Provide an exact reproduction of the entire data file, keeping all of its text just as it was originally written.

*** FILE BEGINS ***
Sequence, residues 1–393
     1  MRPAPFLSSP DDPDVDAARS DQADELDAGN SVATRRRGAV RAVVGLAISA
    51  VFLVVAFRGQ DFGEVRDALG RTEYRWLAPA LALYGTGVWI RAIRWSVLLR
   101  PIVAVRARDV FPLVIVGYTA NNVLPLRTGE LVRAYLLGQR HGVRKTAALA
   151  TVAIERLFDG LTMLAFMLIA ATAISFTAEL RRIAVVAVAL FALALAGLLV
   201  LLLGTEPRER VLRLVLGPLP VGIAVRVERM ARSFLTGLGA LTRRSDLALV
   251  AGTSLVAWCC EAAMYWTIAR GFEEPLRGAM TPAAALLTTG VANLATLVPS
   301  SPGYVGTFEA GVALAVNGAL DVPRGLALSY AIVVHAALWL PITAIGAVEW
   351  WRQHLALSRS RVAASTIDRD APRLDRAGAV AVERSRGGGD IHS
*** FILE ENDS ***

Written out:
Sequence, residues 1–393
     1  MRPAPFLSSP DDPDVDAARS DQADELDAGN SVATRRRGAV RAVVGLAISA
    51  VFLVVAFRGQ DFGEVRDALG RTEYRWLAPA LALYGTGVWI RAIRWSVLLR
   101  PIVAVRARDV FPLVIVGYTA NNVLPLRTGE LVRAYLLGQR HGVRKTAALA
   151  TVAIERLFDG LTMLAFMLIA ATAISFTAEL RRIAVVAVAL FALALAGLLV
   201  LLLGTEPRER VLRLVLGPLP VGIAVRVERM ARSFLTGLGA LTRRSDLALV
   251  AGTSLVAWCC EAAMYWTIAR GFEEPLRGAM TPAAALLTTG VANLATLVPS
   301  SPGYVGTFEA GVALAVNGAL DVPRGLALSY AIVVHAALWL PITAIGAVEW
   351  WRQHLALSRS RVAASTIDRD APRLDRAGAV AVERSRGGGD IHS